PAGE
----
MANILA, Philippines – Aspiring president Senator Manny Pacquiao visibly struggled in explaining his stance on controversial topics, spoiling his performance at the CNN Philippines debate.
On Sunday, February 27, select presidential candidates were asked about their stance on civil unions for same-sex couples and divorce. Vice President Leni Robredo and Senator Panfilo Lacson said they supported civil unions but not same-sex marriage.
Pacquiao’s uncompromising position against civil unions nor same-sex marriage was not new. In fact, he has explained this in several fora and interviews.
But during the CNN Philippines debate, he struggled in trying to make sense of his respect for the community while at the same time being unsupportive of the community’s much-desired right and legal cover.
It also appeared that he did not differentiate civil unions from same-sex marriage.
“Hindi natin sila ina-underestimate. Mataas ang respeto natin sa kanila. Pero ‘pag yung sinasabi nating magsasama sa lalaki sa lalaki, tutol po ako d’yan. At kailangan maging pantay tayo, pare-pareho tayo dito sa bansa natin na walang pinapapuran anumang klase na tao. Pero ‘yung sinasabi natin na pagdating sa same-sex marriage ay against po ako d’yan,” the senator said.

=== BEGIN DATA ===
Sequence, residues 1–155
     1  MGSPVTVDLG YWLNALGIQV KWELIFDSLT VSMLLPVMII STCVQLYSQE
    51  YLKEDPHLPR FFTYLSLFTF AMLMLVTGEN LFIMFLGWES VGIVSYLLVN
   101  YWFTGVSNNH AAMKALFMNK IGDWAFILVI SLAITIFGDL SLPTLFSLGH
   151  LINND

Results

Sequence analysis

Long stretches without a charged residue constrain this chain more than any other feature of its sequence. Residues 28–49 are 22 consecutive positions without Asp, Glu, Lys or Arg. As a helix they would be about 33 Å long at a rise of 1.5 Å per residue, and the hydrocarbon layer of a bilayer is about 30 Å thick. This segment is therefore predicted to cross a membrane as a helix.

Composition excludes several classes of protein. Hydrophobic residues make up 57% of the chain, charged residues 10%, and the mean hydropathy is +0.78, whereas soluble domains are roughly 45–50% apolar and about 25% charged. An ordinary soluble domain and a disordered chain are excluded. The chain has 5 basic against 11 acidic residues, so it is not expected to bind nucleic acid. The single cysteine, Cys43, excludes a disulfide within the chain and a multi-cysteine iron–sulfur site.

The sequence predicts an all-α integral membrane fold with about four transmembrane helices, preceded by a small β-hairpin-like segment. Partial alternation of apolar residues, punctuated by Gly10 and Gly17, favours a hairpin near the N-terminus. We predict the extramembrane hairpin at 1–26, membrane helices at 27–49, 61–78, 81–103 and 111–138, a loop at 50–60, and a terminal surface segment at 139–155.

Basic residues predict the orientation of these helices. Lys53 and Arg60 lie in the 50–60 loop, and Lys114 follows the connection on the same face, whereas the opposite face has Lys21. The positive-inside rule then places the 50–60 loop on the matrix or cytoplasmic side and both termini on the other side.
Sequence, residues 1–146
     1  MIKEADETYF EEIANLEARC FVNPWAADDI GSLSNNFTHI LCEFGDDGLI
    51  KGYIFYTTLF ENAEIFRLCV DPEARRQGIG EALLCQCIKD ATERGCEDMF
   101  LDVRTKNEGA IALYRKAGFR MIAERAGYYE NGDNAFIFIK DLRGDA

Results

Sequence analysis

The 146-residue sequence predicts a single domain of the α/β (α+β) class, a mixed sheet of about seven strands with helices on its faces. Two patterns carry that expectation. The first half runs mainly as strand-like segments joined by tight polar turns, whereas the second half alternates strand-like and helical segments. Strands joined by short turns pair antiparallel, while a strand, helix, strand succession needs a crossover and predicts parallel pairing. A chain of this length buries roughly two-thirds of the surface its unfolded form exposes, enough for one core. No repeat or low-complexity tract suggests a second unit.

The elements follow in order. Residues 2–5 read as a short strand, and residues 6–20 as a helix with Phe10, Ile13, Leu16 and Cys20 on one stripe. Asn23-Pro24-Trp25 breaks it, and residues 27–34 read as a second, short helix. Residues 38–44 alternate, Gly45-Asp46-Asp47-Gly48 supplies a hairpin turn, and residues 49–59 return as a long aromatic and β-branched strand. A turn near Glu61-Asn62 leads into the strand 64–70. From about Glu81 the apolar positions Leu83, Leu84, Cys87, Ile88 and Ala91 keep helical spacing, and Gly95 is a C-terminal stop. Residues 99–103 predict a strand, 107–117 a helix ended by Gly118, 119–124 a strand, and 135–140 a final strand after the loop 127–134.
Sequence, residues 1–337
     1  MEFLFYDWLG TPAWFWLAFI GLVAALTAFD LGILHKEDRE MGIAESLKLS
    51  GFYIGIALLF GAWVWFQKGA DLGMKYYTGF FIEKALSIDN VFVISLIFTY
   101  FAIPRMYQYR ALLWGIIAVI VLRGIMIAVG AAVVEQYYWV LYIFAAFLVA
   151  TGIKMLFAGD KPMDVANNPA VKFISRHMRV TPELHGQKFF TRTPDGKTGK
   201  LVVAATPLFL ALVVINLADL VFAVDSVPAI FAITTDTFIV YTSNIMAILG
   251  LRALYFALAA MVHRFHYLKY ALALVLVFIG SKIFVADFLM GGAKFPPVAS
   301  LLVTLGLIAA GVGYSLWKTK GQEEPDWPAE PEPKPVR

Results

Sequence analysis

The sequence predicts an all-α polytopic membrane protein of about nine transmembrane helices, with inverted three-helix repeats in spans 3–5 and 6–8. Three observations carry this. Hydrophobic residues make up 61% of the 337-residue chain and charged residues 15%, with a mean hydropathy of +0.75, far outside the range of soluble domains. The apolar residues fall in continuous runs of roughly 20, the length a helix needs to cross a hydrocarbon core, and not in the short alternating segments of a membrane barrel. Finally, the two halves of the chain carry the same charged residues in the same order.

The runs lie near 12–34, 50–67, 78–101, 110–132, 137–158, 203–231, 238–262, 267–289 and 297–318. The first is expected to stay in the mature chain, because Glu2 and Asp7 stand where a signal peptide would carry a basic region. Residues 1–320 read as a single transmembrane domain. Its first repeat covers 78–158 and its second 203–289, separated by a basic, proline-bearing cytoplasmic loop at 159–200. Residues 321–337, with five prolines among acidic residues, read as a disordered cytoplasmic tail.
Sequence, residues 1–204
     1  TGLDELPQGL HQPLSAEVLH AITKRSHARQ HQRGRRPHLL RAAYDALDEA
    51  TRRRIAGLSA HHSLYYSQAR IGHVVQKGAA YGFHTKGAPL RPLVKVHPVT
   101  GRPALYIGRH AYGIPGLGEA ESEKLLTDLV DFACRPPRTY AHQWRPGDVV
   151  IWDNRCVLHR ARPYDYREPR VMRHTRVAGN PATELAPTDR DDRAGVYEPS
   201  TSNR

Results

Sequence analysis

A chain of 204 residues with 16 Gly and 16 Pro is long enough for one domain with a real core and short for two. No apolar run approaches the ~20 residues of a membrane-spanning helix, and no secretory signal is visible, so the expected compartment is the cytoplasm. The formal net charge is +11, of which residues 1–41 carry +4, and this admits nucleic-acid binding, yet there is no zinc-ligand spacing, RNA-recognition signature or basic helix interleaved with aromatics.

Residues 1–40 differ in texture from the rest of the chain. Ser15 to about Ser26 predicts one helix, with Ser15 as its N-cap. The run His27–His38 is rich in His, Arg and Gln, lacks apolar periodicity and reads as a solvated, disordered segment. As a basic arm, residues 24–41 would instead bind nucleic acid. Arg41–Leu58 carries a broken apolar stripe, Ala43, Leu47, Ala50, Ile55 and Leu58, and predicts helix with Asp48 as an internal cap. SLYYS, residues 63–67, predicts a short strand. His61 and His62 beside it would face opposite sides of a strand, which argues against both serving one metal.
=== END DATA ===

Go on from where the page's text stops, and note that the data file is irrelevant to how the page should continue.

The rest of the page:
(We are not underestimating them. We have high respect for them. But allowing unions of men-to-men, I am against that. We have to practice equality, in such a way that we don’t any kind of people. But same-sex marriage, I am really against that.)
A born-again Christian, Pacquiao said he believed that allowing same-sex unions would equate to sinning.
“Kasi mahirap naman ‘yung pipilitin mo yung sarili para sangayunan mo sila na magkakasala ka naman sa Panginoon,” he said.
(It is not good when you force yourself to agree with them but that would mean sinning against our Lord.)
Candidates were also asked about how they plan to help underprivileged spouses who can’t afford to through annulment but want to end their marriage.